Search by country Search by subject General search
The Reality of Shifting Power to Local Actors: Case studies on child protection initiatives in Nigeria, Kenya, and Malawi
The Reality of Shifting Power to Local Actors: Case studies on child protection initiatives in Nigeria, Kenya, and Malawi
On February 1, 2022, the CPC Learning Network, the Child Protection Area of Responsibility, and the International Federation of Red Cross and Red Crescent Societies hosted a joint webinar to share overarching findings from three case studies on localisation initiatives and engage four panelists in a candid discussion around approaches to transferring power to national and civil society organisations: challenges, promising practices, and lessons learned. Click here for a PDF of the slides, and click here to access the case studies. Click here for the webinar takeaways and summary report.
September 29, 2020: Children’s voice: maintaining and adapting for safe child participation during COVID-19
On September 29, 2020, the CP AoR and the CPC Learning Network in the framework of the Global Protection Cluster Global Protection Forum 2020 hosted a webinar presenting different ways how children can be engaged as partners and leaders in child protection during the COVID-19 crisis. It presents the new ‘Children as Partners in Child Protection during COVID-19 Guide’, with the aim to assist humanitarian actors to maintain and strengthen children’s meaningful participation in their work in response to the current COVID-19 pandemic and in preparedness planning. In addition, experiences on meaningfully engaging children are presented by Artolution and Terre des Hommes to encourage participants to include child participation in their programming. Click here to view the report.
The Healing Power of Learning Through Play: Adapting and Scaling Play-Based Early Childhood Development
Thursday, September 24, 2020. BRAC and the Care and Protection for Children (CPC) Learning Network at Columbia University invite you to join us for a webinar on BRAC’s Play Lab model, our flagship playful early learning program. The Play Lab is a model for play-based early childhood development that demonstrate the power of play to catalyze learning, healing and resilience in children between 0 – 6 years old living in low-resource and humanitarian settings. First launched in partnership with The LEGO Foundation in 2015, the Play Labs have reached more than 50,000 children and their caregivers in Bangladesh, Tanzania and Uganda. In 2017, BRAC introduced the Humanitarian Play Lab model in Cox’s Bazar, Bangladesh as part of the broader response to the Rohingya refugee crisis. The Humanitarian Play Lab is the contextualized adaptation of the Play Lab with a curriculum based on the Rohingya culture to promote healing and learning by nurturing their own identity. The webinar showcases the development, implementation, and evidence collected from the different iterations of the Play Lab. Speakers join from BRAC University’s Institute for Educational Development, BRAC International, Columbia University, the LEGO Foundation, and Sesame Workshop. Click here for a PDF of the slides, and click here for a PDF…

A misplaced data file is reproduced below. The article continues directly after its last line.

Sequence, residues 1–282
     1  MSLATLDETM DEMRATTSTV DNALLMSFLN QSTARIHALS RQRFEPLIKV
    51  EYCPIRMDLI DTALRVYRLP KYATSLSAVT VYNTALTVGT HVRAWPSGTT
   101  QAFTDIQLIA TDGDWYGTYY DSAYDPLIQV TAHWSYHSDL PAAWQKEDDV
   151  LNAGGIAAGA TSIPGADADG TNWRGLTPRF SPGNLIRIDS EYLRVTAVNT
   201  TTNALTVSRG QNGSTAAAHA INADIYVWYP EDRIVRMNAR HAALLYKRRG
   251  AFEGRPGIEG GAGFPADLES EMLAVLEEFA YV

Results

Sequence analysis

AfriChild and CPC Learning Network Joint Webinar Series: Elevating Locally-Relevant Research to Increase the Impact of Policies and Programs for Ugandan Children
AfriChild and the Care and Protection of Children (CPC) Learning Network at Columbia University are pleased to announce a joint webinar series focused on late-breaking research calling attention to the realities of vulnerable children in Uganda to better inform innovative interventions that protect and advance children’s rights to protection, development, and well-being. In an effort to more meaningfully link global and national-level actors and strengthen the relevance of research, AfriChild’s researchers and Ugandan practitioners, working on the frontlines of child protection, will share the latest research on issues affecting Ugandan children today and showcase practical experiences of putting evidence into practice. Join us in the coming months for webinars exploring themes related to street-connected children; learnings from efforts to bolster child-focused research capacity in Uganda through inter-university training and collaboration; understanding linkages between parenting practices and educational outcomes; and risks and protective factors for violence against children living in residential care institutions. The first webinar in the series will focus on street-connected children as a particularly vulnerable demographic in Uganda. The need to find a lasting and effective solution to creating safe environments for development has attracted a variety of responses from the Ugandan government, researchers, and practitioners. Despite a number of…